Brevard Public Schools May Contract With Armored Car Service To Protect School Cash
By Space Coast Daily // July 27, 2017
will centralize accounting and prevent theft
BREVARD COUNTY • VIERA, FLORIDA – Brevard Public Schools may contract with an armored car service to pick up school deposits as part of a proposal to centralize accounting and prevent theft.
The plan comes in reaction to recent criminal cases involving school bookkeepers who have been trusted for years to handle cash and drive deposits to Space Coast banks.
A former bookkeeper from Southwest Middle School in Palm Bay was sentenced June 30 to seven years in prison for embezzling about $108,000 accounts meant for field trips, school supplies and extracurricular activities.
A bookkeeper at Eau Gallie High School in Melbourne was arrested in March for allegedly stealing $120,000 from student accounts.
“The process weaknesses are everywhere,” Superintendent Desmond Blackburn told school board members during a workshop July 27.
“You’ve got to spend to protect. We’re talking about dollars and cents that our kids earned washing cars and things.”
Hiring an armored-vehicle service could cost $175,000 per year to serve Brevard’s 82 schools, according to estimates obtained by BPS Chief Financial Officer Pennie Zuercher.
“Our drivers would be discreet, in unmarked white vans or trucks,” Zuercher said.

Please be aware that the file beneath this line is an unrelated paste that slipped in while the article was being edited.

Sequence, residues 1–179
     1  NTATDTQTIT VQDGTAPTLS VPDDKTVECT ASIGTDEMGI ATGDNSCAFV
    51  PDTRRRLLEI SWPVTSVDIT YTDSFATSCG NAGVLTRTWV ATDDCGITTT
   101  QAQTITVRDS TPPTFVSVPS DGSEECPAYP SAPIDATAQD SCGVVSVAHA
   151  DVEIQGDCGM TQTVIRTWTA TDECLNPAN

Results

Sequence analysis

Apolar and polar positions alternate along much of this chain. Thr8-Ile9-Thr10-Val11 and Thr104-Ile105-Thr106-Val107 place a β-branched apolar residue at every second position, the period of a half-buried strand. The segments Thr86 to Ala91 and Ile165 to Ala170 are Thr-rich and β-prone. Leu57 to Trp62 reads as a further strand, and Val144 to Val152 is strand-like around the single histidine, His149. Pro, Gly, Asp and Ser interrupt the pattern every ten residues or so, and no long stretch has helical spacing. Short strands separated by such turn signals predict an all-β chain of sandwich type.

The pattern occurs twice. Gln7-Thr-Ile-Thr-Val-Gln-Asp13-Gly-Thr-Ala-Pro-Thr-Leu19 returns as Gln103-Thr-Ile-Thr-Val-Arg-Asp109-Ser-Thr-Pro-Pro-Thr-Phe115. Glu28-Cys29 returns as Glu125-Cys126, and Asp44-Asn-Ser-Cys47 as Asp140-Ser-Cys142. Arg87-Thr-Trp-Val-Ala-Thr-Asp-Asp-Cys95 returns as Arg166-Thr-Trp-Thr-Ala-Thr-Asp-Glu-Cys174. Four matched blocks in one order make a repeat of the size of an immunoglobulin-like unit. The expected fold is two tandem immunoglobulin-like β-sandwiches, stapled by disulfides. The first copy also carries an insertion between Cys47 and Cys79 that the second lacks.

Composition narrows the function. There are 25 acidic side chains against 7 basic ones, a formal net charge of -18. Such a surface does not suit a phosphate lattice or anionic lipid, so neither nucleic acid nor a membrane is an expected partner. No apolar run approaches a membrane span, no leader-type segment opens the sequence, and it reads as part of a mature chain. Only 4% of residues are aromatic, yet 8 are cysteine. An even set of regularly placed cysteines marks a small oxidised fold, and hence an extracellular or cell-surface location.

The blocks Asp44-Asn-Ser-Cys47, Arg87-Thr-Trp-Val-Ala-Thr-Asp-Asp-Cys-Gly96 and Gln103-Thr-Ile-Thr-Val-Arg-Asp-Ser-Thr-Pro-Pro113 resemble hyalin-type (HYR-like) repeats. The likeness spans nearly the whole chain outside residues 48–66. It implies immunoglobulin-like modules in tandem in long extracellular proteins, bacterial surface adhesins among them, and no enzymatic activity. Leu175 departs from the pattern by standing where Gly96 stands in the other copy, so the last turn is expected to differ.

“They would pick up school deposits three times per week, with cash kept in school safes in the meantime. At school headquarters in Viera, meanwhile, a central accounting and auditing team would depend on those timely deposits to accurately monitor school funds.
BPS would shed other types of costs, Zuercher said:
• $51,503 a year in mileage reimbursement to bookkeepers who drive to banks
• $334,044 per year in bookkeeper time spent making deposits. That time could be redirected to other school needs.
Neighboring school districts in Orange, Volusia and Seminole counties already employ such services.
Funding for the plan must be approved by the school board later this year as part of the 2017-2018 operating budget.
School Board Chairwoman Misty Belford of Titusville said leaders at schools have grown increasingly wary of the risk of theft on campus and the burden of oversight.
“It’s a major concern for our secondary principals,” Belford said.
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